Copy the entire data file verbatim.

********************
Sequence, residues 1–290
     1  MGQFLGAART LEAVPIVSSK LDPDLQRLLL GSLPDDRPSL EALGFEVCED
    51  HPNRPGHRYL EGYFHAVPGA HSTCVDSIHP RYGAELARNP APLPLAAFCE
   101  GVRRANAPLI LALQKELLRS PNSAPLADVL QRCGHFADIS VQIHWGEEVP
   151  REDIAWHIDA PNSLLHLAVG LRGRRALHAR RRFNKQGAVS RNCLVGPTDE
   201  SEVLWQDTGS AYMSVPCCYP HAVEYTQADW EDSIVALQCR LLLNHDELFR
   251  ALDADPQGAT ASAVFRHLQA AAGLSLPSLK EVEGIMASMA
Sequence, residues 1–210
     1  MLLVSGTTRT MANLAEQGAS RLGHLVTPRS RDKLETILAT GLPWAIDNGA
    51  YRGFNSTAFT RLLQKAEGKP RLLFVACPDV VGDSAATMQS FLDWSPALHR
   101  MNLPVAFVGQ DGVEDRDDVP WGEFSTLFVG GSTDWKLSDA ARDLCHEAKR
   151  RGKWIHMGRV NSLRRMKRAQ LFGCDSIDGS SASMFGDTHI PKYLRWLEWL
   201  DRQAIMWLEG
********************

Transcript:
Sequence, residues 1–290
     1  MGQFLGAART LEAVPIVSSK LDPDLQRLLL GSLPDDRPSL EALGFEVCED
    51  HPNRPGHRYL EGYFHAVPGA HSTCVDSIHP RYGAELARNP APLPLAAFCE
   101  GVRRANAPLI LALQKELLRS PNSAPLADVL QRCGHFADIS VQIHWGEEVP
   151  REDIAWHIDA PNSLLHLAVG LRGRRALHAR RRFNKQGAVS RNCLVGPTDE
   201  SEVLWQDTGS AYMSVPCCYP HAVEYTQADW EDSIVALQCR LLLNHDELFR
   251  ALDADPQGAT ASAVFRHLQA AAGLSLPSLK EVEGIMASMA
Sequence, residues 1–210
     1  MLLVSGTTRT MANLAEQGAS RLGHLVTPRS RDKLETILAT GLPWAIDNGA
    51  YRGFNSTAFT RLLQKAEGKP RLLFVACPDV VGDSAATMQS FLDWSPALHR
   101  MNLPVAFVGQ DGVEDRDDVP WGEFSTLFVG GSTDWKLSDA ARDLCHEAKR
   151  RGKWIHMGRV NSLRRMKRAQ LFGCDSIDGS SASMFGDTHI PKYLRWLEWL
   201  DRQAIMWLEG